Are Apple TV Plus' Original TV Shows Any Good? Here's What The Reviews Say

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Apple is making its big bid into the streaming market with the simultaneous launch of its Apple TV+ service and four star-studded shows with budgets rivaling that of "Game of Thrones." But does Apple's extravagant spending equal high quality and entertainment value or has all that money been a giant misfire? The early reviews of four of Apple TV Plus' original shows (all of which are premiering on November 1) — "The Morning Show," "See," "For All Mankind" and "Dickinson" — just dropped this morning, and here's what the reviews have to say.

'The Morning Show'

The Morning Show is really three different TV shows in one, all on a collision course with one another. There's the story of Alex Levy (Aniston), co-anchor of a popular nationwide news program called "The Morning Show" who is deep in contract negotiations with the network to extend her run on the show despite being perceived as being past her prime; there is Alex's co-anchor Mitch Kessler (Carell), whose arc opens the series as he is very publicly fired from "The Morning Show" after multiple allegations of sexual misconduct leak to the press; and then there's Bradley Jackson (Witherspoon), a "conservative" (the kind of fictional, liberal-leaning conservative you only see on TV) field anchor working for a conservative news network in middle America who gains national attention after a confrontation with a coal mining protestor goes viral.


"The Morning Show" is the showiest of Apple TV+'s new series, starring Jennifer Aniston and Reese Witherspoon in a drama with a timely tie-in to the back-in-the-headlines scandal surrounding Matt Lauer's "Today" show exit. As executed, though, hold that wake-up call, considering that most of its big ideas essentially rehash ground "Network" covered more than 40 years ago.


After a brutally dull pilot and a meandering second episode, there are distinct hints in the third hour of a more satisfying and confident The Morning Show, one that actually gets value out of leading ladies Jennifer Aniston and Reese Witherspoon. But did the behemoths at Apple really get into the crowded original TV marketplace to become the latest perpetrator of "It eventually gets better!" patience-testing?

[The Hollywood Reporter]

Watching "The Morning Show" is a bit like watching "The Big Short," except nothing is said straight-to-camera and nearly everything is boring.


Taking on a number of provocative topics, including and especially gender issues emanating from the toxic swamp of the breakfast-hour television industry, "The Morning Show" is perpetually on the human side, punting on the questions it itself puts forward in favor of airily treating them as too complicated. It's early days for the show, whose first three episodes were provided to critics. But it's hard to imagine that viewers excited by a series that promises to take on so much being satisfied by the exhaustion that bleeds out of the writers' room onto the screen. The show gives up on its potential before it's really underway, substituting career machinations for something more nourishing.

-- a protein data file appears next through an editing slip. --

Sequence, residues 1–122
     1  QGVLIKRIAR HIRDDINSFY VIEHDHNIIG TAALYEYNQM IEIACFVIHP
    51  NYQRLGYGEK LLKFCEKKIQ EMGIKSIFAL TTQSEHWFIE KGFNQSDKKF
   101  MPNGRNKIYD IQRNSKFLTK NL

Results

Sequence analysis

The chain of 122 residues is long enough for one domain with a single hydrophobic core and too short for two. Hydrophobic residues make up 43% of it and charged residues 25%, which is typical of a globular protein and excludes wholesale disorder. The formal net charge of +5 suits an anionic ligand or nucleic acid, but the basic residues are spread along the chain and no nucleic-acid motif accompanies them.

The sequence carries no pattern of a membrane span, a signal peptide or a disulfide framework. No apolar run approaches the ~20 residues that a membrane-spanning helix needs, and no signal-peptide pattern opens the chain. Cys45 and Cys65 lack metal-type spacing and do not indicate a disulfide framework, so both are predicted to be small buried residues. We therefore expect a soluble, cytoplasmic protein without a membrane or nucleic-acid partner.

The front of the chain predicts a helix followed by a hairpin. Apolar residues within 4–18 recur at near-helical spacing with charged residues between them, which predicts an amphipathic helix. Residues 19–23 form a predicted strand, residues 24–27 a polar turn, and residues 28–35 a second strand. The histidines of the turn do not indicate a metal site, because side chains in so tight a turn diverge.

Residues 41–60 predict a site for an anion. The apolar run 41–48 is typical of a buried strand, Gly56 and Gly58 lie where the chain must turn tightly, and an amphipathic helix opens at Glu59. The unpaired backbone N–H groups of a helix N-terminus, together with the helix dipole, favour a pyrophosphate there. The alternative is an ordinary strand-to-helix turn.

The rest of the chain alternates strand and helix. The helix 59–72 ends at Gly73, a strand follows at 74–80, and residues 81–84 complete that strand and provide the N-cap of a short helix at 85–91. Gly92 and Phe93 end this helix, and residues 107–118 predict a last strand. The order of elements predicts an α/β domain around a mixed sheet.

The Morning Show isn't terrible […] But the series is a well-polished snore, a prime example of how throwing money at a problem — in this case, Apple's need to dive into the streaming wars now that Netflix and company have killed off the revenue stream from buying individual TV episodes — isn't inherently the best way to solve it.

[Rolling Stone]

Watch The Trailer Here


The show is set centuries in the future, long after a virus has wiped out most of humanity and rendered those who survived blind. (Jason) Momoa plays Baba Voss, a celebrated warrior whose wife gives birth to twins in the pilot. While that would typically be seen as a joyous occasion, these twins are born with the gift of sight, making them immediate targets. Everyone–from a gang of witch hunters to a ruthless queen of the post-apocalyptic wasteland–wants the children for themselves.


Through its first three episodes, Apple TV+'s new drama See is a roller coaster of a show. No hour went by without my checking my watch, giggling at several ridiculous performance choices and writing down multiple nonsensical plot points in my notes. Yet no hour went by without a concept or two that I found intriguing, a shot or two that I found breathtaking or an action scene that I found ambitious.

As you'll find is a trend with this first batch of Apple TV+ originals, See isn't close to a good show thus far, but it does just enough to make you believe that under the right circumstances, there might be a good show here somewhere, eventually.

[The Hollywood Reporter]

While the unbending certainty of See's storytelling ambitions is admirable, it doesn't hurt that the series also looks like a million bucks (or tens of millions of bucks per episode). That's no surprise, as much has been made already about the exorbitant budgets Apple has poured into its slate of flagship originals. With a mixture of gorgeous locations and CGI, the series convincingly creates a dystopian world that barely remembers its past.